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The delights of my favorite new thrift store: Le De

There’s a thrift store in the neighborhood of my cat’s veterinarian that serves my need when I just need Something New to Sniff. At such times, buying something off eBay or other online retail is no good; I want immediate gratification. And let’s face it, the Sephora and the department stores have already been picked over by me as well.

No, what I want is what the thrift store has got: unexpected thrills, all for less than $30, and the excitement of gambling.


Who knows how good or not the finds will be!

So far I’ve scored a fantastic bottle of Diorissimo parfum for about $25, and a bottle of White Linen that has mostly gone off, also for about $25. I can’t tell if they really don’t know anything about pricing perfume or not, but I assume that they don’t. (I’m pretty sure that Diorissimo would have brought more than $100 on eBay; however, the mini of Nuits Indiennes was priced at $7.99, exactly what it is on Amazon.com.)

Last time I was there a tiny fat bottle of Le De by Givenchy was calling my name. It was priced at the higher end of the scale, about $25, and for such a small bottle and a scent I didn’t know, I passed it up at that time. (Plus I was busy crowing over my Diorissimo!) But it was still there when I went back this weekend, crouching among a forest of bottles of White Linen and L’Air du Temps (SOMEONE who liked White Linen has just passed away, I’m telling you). I had been thinking about it, tried to do some research, and this review at The Scented Salamander intrigued me. (Or I’m just a sucker for a photo of Audrey Hepburn, which is just as likely.) So when I saw it there again I had to buy it.

There was some fluid gone from the bottle, so I thought it had been used. It wasn’t till I got it home and examined it much more carefully that I realized that no, it had never been opened. Its stopper was still wrapped in its original baudruchage, and tied with black thread. The small amount of loss appeared to be due to evaporation. (In fact it looks exactly like the large factice on this page, but wee.)

I really wanted to smell this, so I opened the baudruchage today, and cut the thread. Of course the stopper didn’t open.

This didn’t worry me at first. It took me some digging to open the vintage bottle of Diorissimo I bought myself for my birthday. But the longer I tried to wiggle, twist, or lever out this stopper, the more worried I got. You don’t want the whole little bottle to open in your hands and spill everywhere. But geez, I was applying some force!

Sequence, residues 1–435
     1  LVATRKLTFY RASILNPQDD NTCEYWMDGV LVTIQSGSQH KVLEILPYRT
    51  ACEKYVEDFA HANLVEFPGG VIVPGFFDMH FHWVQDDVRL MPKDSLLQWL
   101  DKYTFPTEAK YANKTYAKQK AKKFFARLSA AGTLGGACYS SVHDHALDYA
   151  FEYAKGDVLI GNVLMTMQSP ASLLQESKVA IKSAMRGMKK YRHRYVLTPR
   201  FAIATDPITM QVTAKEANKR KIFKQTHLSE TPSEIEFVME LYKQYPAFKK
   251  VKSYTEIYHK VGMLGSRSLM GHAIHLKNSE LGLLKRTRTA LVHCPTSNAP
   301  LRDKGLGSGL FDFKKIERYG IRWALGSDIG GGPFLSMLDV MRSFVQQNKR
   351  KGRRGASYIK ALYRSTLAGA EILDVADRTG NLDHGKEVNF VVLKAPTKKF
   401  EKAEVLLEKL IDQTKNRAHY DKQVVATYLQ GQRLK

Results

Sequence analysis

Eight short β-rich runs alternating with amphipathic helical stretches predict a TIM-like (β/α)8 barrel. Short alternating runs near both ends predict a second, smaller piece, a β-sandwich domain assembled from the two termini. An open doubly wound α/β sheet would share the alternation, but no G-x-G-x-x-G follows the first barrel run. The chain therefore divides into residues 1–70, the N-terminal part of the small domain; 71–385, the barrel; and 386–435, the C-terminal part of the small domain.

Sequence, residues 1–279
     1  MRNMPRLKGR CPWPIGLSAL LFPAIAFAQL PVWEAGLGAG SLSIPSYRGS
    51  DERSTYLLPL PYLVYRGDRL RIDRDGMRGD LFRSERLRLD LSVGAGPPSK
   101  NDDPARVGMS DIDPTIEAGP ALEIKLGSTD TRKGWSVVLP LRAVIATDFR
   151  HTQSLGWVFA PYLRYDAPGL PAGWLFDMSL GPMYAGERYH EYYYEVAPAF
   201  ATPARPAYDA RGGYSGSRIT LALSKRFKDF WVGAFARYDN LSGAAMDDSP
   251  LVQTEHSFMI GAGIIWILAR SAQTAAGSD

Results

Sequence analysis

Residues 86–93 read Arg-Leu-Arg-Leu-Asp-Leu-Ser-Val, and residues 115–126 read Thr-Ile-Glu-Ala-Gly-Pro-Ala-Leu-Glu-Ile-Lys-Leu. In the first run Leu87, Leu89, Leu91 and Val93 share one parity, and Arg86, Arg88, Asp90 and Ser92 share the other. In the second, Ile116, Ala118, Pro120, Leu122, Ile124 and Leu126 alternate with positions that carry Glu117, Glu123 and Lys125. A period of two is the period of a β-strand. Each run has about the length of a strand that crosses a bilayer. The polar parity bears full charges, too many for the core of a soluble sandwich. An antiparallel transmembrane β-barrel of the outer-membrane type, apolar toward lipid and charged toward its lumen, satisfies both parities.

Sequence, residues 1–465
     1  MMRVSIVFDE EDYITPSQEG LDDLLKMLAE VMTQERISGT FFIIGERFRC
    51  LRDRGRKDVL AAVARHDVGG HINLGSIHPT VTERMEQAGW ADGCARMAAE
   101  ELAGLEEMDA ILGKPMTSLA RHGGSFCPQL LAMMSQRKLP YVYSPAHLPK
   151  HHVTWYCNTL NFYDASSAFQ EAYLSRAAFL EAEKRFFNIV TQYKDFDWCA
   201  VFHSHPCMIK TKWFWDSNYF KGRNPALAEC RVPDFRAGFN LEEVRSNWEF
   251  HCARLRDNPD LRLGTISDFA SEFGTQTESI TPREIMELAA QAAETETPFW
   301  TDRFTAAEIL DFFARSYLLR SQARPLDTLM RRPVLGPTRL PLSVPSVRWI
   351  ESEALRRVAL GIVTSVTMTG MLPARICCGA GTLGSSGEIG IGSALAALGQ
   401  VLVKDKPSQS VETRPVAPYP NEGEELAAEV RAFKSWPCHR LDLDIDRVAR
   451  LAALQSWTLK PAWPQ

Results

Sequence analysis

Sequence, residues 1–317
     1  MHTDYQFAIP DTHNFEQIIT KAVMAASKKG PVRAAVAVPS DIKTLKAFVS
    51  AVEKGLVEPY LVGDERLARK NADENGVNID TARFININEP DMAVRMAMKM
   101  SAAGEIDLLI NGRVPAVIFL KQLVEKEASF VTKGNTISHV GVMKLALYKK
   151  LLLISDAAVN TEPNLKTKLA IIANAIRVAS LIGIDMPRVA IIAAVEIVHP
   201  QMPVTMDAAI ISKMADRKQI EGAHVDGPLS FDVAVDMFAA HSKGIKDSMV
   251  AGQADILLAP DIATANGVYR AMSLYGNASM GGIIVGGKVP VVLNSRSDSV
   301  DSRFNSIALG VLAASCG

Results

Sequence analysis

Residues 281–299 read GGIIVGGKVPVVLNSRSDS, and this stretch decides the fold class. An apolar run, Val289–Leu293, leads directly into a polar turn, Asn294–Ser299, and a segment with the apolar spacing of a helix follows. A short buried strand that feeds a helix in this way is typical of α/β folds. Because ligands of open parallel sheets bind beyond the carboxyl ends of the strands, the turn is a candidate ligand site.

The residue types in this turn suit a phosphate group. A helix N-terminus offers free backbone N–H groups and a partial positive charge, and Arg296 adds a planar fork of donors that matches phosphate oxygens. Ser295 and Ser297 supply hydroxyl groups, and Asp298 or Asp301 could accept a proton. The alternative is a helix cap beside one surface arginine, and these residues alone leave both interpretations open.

Finally I ran some warm water over the stopper, then let it rest, then put an ice pack on the stopper to try to shrink it, especially while the bottle itself was still a little warm. You don’t want to really heat vintage perfume, but if I couldn’t open it either, I couldn’t enjoy it!

The husband saw me looking for something to get a better grip on the little stopper and went to get his can of blow-out air. I guess the little bottle reacted to the threat, because it finally opened.

I love those little vintage bottles with their glass stoppers so perfect for daubing. I daubed some on my wrists and throat, then went off to help clean out the utensil drawer in the kitchen.

The top notes were fairly “vintage perfumey”. Not off, but not what I adore. I can’t quite describe them any better, except to say that I’m fairly sure it’s the topnote mix of aldehydes and bergamot that graced every classic perfume from 1925 to 1969 or so. But there was a sweetness, a lightness to the mix that got me excited from the start. This bottle had not gone off.

As the perfume dried down even slightly, I caught a whiff of something like cinnamon that surprised me. The reviewer at Scented Salamander had referenced the purity of Le De, but the spicy classic fragrance spoke to me of someone womanly and adult. Not skin, there’s no musk or cumin, but certainly not childlike either.

And then further on I caught lily and jasmine, but also something else, something elusive, something special, something that I didn’t smell in everyday perfumes. I had to look up the notes in Le De to identify it, but once I did it was crystal clear: it’s lilac.

The lilac – such a rare, springlike, special scent – lifts the rest of the perfume up, reminding one not of a queen, but of a princess. It smells expensive without smelling heavy or cloying, and it balances the often-heavy lily and jasmine and makes the whole thing less bottom-heavy without ever being light enough to float away.

But don’t think that the lilac stands alone. Also emblematic of classic perfumes, this is a blend, a chord greater than the sum of any one specific part. It’s unmistakeably floral, but not in the way of huge 80s bouquets; rather in the way of a previous era’s wedding nosegay.

This is not what a modern perfume wearer would call “fresh”. There’s nothing ozonic about it, and if there are any synthetic musks in it they are in the far far drydown. The flowers settle down into something that’s not quite powdery and still clearly a scent. Could the lilac be doing for me what I have been looking for from violet? It’s a smell of springtime in a bottle, in a womanly, sophisticated, elegantly blended fragrance.

The photo of Audrey Hepburn on the Scented Salamander’s review page is extremely appropriate.

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